We bought an electric car ... sort of
The area I live in is considered Inner London, which will be subject to the Ultra Low Emissions Zone (ULEZ) in 2021. As someone who is not enthusiastic about the idea of early onset dementia or meeting my untimely end due to cardiovascular disease, I am a supporter of Mayor Sadiq Kahn’s plan to reduce air pollution.
I am also aware that diesel vehicles are more fuel efficient than petrol vehicles in terms of CO2 emissions. However, most diesel vehicles built before 2015 will not meet ULEZ standards; meanwhile, petrol vehicles dating back to 2006 are likely to pass. In our pursuit for better air quality, it is important that we also focus on our need to tackle climate change. If the vehicle fleet simply switches from diesel to petrol, we may have fixed one problem by creating another.
Our 2006 petrol family sedan actually qualifies for the ULEZ, but we wanted to take our commitment to air quality a step further. I understand that having a car in London is an indulgence. I am a huge advocate of public transportation and use it the majority of the time. However, for journeys where our family of four is on the move, I wanted to have the ability to transport my children in proper car seats. For better or worse, this is my ‘mama bear’ instinct taking over.
We started with the premise that we wouldn’t buy a diesel car due to air quality or a petrol car, given that electric vehicles are cleaner, even when charged on a coal grid. This left us with the following options:
1. Fully electric vehicle
2. Electric vehicle range extender
3. Plug-in hybrid
We don’t have off-street parking, but we do have chargers near our home. We estimated that we travel between 10-15 miles over the course of a weekend and, since we use public transportation during the week, we didn’t require much in terms of battery range. We’d likely only need to charge a fully-electric car once per month, but a plug in hybrid would require building weekly charging into our lives.
A hybrid would be handy for longer trips, as it would enable us to go farther distances without the need to recharge. However, there are several car-sharing schemes that would provide us with the ability to rent a petrol or diesel car for longer distances, including Zipcar and Virtuo. For those who purchase a new fully-electric Nissan Leaf, they are able to borrow a diesel or petrol vehicle from the Nissan dealership (free of charge) for two-week periods during the first three years of ownership.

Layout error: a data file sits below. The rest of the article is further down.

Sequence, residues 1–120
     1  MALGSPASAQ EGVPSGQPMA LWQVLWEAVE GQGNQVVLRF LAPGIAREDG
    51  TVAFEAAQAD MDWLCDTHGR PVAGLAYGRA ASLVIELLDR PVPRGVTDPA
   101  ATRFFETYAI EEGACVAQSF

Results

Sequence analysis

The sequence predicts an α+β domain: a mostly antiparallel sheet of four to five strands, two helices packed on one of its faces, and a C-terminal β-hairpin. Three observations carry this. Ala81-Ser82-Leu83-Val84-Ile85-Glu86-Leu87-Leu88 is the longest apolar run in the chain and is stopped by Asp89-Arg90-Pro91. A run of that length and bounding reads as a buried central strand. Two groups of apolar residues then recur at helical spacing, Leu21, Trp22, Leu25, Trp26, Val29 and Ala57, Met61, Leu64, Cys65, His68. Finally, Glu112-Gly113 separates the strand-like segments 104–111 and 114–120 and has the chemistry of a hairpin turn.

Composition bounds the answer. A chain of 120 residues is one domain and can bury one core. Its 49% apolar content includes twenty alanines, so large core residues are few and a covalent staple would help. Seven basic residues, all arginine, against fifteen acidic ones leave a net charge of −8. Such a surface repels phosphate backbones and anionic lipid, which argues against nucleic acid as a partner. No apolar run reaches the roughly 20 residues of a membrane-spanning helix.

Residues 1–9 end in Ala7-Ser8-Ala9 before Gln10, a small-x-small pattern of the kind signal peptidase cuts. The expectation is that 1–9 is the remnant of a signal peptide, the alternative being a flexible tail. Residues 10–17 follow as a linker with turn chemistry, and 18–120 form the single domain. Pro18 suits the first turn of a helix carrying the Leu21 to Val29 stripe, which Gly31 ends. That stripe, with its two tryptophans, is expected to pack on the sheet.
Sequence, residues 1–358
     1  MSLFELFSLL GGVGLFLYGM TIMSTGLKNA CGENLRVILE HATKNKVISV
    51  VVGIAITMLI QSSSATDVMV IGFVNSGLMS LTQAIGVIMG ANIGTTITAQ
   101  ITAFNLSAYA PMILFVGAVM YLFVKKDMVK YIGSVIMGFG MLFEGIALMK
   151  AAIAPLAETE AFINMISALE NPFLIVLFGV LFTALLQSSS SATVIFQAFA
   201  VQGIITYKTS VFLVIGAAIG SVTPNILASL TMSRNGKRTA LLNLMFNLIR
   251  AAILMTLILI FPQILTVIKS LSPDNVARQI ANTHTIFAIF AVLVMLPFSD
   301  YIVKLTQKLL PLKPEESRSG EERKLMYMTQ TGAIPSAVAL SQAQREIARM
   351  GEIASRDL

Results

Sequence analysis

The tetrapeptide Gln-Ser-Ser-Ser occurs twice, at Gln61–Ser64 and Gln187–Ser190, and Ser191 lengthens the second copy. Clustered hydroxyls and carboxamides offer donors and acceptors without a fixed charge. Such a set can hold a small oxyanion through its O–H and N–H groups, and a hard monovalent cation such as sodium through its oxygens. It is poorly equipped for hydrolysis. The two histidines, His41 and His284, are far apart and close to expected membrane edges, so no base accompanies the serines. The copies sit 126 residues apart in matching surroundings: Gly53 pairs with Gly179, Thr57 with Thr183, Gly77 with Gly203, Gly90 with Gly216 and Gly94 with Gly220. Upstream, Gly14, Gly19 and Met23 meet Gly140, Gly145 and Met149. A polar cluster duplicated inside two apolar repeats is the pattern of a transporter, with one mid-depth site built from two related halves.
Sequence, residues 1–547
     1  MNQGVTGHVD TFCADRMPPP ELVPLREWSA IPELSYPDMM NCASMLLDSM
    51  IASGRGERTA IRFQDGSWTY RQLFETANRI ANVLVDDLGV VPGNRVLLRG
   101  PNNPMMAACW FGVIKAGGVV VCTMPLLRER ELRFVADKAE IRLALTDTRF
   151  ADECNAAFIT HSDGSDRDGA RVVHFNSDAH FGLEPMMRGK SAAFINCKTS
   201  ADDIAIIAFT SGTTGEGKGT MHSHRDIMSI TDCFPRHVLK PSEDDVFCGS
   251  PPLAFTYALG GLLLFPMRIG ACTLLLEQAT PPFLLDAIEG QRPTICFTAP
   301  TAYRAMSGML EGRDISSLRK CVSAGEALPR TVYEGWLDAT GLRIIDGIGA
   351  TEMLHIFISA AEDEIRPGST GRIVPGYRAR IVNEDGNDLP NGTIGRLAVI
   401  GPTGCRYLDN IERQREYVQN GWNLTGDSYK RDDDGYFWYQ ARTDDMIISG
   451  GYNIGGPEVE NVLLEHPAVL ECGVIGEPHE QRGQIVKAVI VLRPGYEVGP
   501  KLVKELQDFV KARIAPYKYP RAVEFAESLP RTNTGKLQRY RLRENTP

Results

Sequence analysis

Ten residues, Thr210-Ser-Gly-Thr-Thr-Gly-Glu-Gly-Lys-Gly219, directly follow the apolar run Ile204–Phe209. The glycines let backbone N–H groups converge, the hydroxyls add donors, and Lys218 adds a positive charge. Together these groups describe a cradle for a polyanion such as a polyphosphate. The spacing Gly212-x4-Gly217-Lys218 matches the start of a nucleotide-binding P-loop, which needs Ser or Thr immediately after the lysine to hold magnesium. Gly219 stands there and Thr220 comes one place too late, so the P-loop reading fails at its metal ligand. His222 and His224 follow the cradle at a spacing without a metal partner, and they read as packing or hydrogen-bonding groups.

Unless we bought a Tesla with a battery manufactured at their solar powered Gigafactory in Nevada, odds are the battery pack in our new car would be from China and, equally likely, manufactured on a coal-powered grid. Due to the manufacturing process, this would make the typical electric vehicle more carbon intensive to manufacture than an internal combustion engine. I inquired at the dealerships and searched online for more information regarding the batteries themselves but, not surprisingly, this level of supply chain detail is not readily available to the end consumer.
According to this article, typical driving patterns would result in needing to own a car for greater than 10 years to realise the overall carbon emissions benefit. Optimising both tailpipe emissions as well as overall CO2 emissions meant we wanted to have the smallest battery that met our mileage needs.
This pushed plug-in hybrids to the top of our list. They tend to have smaller batteries that help optimise the internal combustion engine’s use, but also offer the ability to use full battery power. In the end, we bought a used plug-in hybrid Mini Countryman that claimed to have 25 miles to a charge, but is really giving us 12-15 miles to a charge. While I’d love to charge the car less frequently, it has become our Saturday morning ritual and accomplishes our two objectives: to reduce air pollution and optimise CO2 emissions.
In most instances, I would expect a fully electric vehicle would be the better choice. We travel unusually short distances and are city dwellers with a high degree of access to public transit. I also want point out that there is always a breakeven point on a battery, where no matter what the CO2 emissions were during manufacturing, the car will have a lower overall carbon footprint. Our excersie was about optimisation and we’re happy with our car and our Saturday morning charging routine. It might not be for everyone, but I am confident that there is a low emissions solution for you out there too.
I have done a lot more research on this topic than was possible to shove into a blog post, so if you have questions around the practicalities if EV charging in London or available vehicle models, etc, shoot me an email at email@example.com.
Resources for Curious Minds
Ultra Low Emissions Zone (ULEZ)
Electric Cars are Cleaner Even When Powered by Coal (Bloomberg)
The Dirt on Clean Electric Cars (Bloomberg)
Car Myth Buster - Efficiency (Clean Technica)